Jaime Herrera may not be a supporter of President Obama’s agenda, but in her run to succeed retiring Rep. Brian Baird in Congress, she is fired up and ready to go.
The former high school basketball player turned legislative staffer for Rep. Cathy McMorris Rodgers (R-Wash.) was appointed to serve in Washington’s House of Representatives in 2007, and elected in 2008 with 60 percent of the vote. Now, she’s in a contest with several other contenders, seeking to move her district from the blue column back into the red. I spoke to her last week, asking the same questions that I did of David Castillo, plus one specific to her candidacy, in what I understand was her first ever blogger interview.
Most political observers, and certainly those at the national level, started hearing Herrera’s name associated with the phrase “third district” immediately after Baird announced that he would not seek another term in Congress, and it was rumored she would jump into the race. But, she told me, she began thinking about running long before then—as early as the infamous “town hall” period last year. Herrera and her then-fiancé (now husband), Dan, “were actually on our way to the town hall in Clark County that Brian Baird had had and I received a phone call from a constituent at the time—he’d left a message and said ‘I really think you need to take on Baird,’ and I shared it with my husband and we kind of smiled about it and went into the town hall.” Afterwards, she said, more of her constituents echoed that caller’s sentiments. Her initial reaction? “Well, I’m very happy with what I do, I love representing the people of the 18th district so this is not a decision I’m going to take lightly,” she thought, adding that she did begin talking to friends, family—and those that she represents. But, “when Brian Baird announced he was going to retire, that really escalated our decision-making process and we decided now is the time.” During our conversation, Herrera conceded to me that “It’s a big risk to do this,” but quickly added that she felt that it was a bigger risk not to run. “Quite frankly, the people of Southwest Washington don’t exactly fit with the views of Nancy Pelosi and the liberals that are running Congress and I’m tired of having our vote being cast to support that agenda. And so this is important enough to put everything on the line and to run.” [intro]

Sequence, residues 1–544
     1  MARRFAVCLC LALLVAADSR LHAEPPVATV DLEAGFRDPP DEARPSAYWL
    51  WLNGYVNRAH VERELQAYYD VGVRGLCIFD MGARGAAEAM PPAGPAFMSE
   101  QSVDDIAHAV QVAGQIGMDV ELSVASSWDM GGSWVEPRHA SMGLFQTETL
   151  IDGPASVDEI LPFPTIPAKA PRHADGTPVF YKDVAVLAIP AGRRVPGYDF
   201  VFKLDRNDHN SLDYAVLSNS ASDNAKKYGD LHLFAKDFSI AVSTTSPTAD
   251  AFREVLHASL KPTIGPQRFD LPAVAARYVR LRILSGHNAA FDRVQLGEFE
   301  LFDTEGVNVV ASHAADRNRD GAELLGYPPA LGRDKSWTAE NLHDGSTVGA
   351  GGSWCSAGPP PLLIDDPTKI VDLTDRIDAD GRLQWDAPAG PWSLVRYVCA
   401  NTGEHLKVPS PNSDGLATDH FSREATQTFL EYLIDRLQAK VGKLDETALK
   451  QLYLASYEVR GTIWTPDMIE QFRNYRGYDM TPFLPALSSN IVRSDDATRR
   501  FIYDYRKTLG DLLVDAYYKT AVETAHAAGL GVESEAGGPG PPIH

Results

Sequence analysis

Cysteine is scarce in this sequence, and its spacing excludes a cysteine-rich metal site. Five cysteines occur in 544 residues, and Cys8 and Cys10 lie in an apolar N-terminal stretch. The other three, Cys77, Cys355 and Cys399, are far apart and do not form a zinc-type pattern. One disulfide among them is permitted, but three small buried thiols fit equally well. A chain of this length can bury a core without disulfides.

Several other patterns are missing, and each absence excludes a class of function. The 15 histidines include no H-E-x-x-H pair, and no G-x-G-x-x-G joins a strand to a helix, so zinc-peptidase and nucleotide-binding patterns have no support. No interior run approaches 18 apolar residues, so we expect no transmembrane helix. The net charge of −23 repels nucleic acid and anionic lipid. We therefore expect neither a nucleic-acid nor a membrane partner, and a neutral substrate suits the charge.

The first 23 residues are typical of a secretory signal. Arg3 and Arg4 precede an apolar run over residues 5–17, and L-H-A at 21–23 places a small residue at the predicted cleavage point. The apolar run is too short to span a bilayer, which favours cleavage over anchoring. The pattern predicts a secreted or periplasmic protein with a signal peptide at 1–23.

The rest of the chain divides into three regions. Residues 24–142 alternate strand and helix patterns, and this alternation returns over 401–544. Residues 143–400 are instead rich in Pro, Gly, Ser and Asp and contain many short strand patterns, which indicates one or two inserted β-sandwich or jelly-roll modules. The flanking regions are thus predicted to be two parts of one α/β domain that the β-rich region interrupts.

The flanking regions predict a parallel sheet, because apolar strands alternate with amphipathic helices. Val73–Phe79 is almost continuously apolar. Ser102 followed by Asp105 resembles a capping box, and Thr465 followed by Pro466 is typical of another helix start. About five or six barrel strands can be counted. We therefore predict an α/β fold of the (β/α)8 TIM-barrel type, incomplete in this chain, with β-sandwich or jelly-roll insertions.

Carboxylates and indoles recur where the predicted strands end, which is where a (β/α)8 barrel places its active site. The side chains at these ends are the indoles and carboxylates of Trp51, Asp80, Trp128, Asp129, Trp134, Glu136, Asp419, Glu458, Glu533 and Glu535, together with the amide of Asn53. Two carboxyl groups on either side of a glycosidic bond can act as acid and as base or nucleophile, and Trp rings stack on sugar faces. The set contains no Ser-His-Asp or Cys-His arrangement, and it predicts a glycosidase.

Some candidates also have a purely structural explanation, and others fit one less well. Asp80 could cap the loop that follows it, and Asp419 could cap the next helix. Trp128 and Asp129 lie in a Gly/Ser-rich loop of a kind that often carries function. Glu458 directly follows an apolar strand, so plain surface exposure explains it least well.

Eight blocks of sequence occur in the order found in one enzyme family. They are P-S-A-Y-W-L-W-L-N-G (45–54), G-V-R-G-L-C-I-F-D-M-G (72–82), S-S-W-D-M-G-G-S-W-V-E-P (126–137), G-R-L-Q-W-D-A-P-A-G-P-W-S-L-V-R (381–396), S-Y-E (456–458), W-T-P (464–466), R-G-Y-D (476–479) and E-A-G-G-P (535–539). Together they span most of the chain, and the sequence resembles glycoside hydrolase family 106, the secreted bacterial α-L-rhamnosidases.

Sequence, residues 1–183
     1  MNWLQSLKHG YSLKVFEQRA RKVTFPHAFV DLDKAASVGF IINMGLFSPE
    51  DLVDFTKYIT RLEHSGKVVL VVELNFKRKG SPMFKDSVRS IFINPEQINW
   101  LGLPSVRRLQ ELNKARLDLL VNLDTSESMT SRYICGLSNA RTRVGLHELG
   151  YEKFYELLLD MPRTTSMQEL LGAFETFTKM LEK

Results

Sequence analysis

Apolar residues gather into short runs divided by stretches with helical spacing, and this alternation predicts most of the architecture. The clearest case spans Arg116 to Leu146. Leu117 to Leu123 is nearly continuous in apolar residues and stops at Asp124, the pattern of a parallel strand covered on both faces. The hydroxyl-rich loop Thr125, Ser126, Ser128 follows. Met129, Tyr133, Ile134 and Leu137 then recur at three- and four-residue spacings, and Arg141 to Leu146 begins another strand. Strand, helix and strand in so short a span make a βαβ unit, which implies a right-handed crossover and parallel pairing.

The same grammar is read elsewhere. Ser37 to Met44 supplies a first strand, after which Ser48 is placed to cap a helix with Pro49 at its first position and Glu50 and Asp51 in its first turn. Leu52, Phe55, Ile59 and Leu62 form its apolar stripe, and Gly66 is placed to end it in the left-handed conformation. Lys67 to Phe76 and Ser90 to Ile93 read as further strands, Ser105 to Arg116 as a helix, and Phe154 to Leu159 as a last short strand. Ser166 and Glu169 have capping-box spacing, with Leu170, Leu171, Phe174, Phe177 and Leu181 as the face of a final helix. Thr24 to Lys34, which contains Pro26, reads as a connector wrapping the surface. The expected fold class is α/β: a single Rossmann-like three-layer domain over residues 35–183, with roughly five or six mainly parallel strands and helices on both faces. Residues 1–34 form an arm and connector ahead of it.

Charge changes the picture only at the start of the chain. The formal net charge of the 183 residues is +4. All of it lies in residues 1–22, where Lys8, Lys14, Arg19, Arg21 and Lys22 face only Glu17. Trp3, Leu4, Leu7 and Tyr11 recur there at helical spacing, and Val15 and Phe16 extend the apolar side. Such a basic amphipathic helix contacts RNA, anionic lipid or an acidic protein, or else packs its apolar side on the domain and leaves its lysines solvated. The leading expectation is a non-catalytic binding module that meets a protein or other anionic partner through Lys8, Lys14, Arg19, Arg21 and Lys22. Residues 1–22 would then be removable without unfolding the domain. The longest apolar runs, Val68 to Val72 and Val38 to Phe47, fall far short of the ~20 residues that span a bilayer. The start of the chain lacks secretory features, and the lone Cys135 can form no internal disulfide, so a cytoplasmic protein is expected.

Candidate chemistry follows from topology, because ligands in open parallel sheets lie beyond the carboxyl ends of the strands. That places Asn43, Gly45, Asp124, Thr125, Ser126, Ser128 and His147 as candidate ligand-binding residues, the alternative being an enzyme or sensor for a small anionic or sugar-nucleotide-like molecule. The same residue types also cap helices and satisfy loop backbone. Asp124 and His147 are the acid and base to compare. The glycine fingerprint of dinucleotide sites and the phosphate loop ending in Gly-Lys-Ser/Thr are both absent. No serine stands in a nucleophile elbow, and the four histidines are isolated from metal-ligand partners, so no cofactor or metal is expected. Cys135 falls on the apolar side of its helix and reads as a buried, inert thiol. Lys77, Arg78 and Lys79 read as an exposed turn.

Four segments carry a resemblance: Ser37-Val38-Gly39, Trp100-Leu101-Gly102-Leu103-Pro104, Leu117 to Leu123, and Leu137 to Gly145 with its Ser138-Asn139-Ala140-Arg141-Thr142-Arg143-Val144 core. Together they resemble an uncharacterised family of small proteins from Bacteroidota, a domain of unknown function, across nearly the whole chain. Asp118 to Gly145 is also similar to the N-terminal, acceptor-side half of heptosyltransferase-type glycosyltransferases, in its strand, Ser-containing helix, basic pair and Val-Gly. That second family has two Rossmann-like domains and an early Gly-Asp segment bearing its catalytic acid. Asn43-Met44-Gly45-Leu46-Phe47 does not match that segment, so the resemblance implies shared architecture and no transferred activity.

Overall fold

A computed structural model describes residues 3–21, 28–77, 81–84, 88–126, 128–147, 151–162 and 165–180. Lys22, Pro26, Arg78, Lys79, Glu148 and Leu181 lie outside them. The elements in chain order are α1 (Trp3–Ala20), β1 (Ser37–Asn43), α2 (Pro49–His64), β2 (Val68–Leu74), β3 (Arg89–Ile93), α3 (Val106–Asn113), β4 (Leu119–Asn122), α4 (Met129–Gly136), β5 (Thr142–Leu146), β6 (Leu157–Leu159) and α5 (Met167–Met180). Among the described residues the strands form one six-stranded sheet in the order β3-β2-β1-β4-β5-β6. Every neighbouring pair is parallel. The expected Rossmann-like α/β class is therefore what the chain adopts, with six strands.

Herrera’s biggest worry—and that of her constituents, she told me, is “jobs—hands down. The three biggest counties in the district, two of which I represent—Clark, Cowlitz and Lewis—are all hovering around 14 percent unemployment and are battling for the distinction of the highest unemployment in the state.” Deepening worry surrounding unemployment figures cuts across party lines, she added. “It doesn’t matter, really, if you’re Republican or Democrat, you’re worried about and rightfully so whether we’re going to have opportunities for employment with this economy and quite frankly with this administration.”